by Serge Kahili King
" You look more modern than I thought you'd be," said the visitor as we sat in my comfortable living room overlooking the ocean that surrounds the island of Kaua'i. He glanced at my large screen TV, the VCR, and the Tabora seascape on the wall with a faint trace of disapproval. Clearly I did not fit his model of what a shaman is supposed to look like.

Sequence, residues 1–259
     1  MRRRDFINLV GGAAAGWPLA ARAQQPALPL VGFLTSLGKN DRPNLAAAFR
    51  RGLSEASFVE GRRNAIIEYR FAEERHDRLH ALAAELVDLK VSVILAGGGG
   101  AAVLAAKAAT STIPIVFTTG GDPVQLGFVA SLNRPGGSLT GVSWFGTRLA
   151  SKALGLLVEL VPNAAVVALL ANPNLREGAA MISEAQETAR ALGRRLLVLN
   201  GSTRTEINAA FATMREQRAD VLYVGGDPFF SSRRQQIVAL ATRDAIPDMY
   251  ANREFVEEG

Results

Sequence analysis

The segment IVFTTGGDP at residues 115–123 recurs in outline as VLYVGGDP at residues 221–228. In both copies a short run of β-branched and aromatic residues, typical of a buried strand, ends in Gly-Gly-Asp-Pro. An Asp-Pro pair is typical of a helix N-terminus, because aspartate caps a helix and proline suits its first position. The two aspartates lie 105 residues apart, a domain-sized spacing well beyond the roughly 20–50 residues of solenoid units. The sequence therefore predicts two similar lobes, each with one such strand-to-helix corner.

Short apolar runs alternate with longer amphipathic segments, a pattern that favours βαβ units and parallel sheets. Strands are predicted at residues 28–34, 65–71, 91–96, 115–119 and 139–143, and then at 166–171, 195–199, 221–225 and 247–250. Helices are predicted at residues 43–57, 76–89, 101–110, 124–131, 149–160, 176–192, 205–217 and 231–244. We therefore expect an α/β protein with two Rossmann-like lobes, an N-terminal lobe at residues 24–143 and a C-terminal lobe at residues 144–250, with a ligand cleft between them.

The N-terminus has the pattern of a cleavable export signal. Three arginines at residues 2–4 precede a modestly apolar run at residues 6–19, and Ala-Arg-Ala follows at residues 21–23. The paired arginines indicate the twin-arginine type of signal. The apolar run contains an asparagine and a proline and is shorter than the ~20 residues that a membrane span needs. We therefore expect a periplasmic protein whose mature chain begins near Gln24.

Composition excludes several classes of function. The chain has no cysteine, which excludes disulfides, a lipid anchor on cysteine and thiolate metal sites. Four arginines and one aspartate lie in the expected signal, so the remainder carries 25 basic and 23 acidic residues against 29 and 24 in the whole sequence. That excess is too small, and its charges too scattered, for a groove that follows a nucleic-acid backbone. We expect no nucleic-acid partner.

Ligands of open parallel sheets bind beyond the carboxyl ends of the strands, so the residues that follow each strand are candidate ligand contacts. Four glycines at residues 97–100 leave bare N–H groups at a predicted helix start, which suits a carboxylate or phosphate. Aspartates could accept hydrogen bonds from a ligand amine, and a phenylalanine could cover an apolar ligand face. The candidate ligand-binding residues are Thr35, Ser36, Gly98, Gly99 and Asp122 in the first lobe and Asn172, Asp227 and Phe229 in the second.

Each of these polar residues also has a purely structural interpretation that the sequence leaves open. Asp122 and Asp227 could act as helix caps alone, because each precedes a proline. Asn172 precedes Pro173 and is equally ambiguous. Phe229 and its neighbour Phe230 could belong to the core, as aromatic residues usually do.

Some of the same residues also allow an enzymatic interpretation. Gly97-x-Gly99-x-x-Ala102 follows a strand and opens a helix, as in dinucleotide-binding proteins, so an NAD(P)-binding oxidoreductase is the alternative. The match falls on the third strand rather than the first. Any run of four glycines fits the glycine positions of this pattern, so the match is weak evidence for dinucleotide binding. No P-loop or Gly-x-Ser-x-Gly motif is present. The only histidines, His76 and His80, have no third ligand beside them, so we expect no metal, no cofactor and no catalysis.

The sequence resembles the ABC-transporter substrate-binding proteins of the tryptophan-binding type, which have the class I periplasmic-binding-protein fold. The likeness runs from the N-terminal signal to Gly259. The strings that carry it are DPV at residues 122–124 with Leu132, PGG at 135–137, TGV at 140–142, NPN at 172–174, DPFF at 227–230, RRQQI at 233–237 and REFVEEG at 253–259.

His remark was typical of many visitors who expect - perhaps even hope - to find me wearing some kind of robe or sarong and living in primitive simplicity in a cave or a forest far away from the amenities of civilization. The general idea is that such a setting would somehow make me more authentic. I have even considered finding such a spot, having a ti-leaf skirt and cloak made, and giving all my visitors a nice show that would comfortably fit their preconceptions. Shamanism, however, is not limited to a particular location or style of dress or cultural environment. It is a way of thinking and acting that defies boundaries and limitations of any kind, and yet uses them when it fits a purpose.